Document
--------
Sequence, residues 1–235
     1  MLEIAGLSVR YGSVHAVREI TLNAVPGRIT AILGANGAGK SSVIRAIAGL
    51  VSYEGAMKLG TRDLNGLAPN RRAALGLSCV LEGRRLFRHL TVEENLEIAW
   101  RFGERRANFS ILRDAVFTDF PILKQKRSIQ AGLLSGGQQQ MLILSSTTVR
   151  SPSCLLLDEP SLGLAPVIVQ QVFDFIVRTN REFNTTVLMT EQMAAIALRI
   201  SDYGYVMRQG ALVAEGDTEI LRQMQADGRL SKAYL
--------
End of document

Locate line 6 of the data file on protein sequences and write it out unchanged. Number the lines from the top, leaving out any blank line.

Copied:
   201  SDYGYVMRQG ALVAEGDTEI LRQMQADGRL SKAYL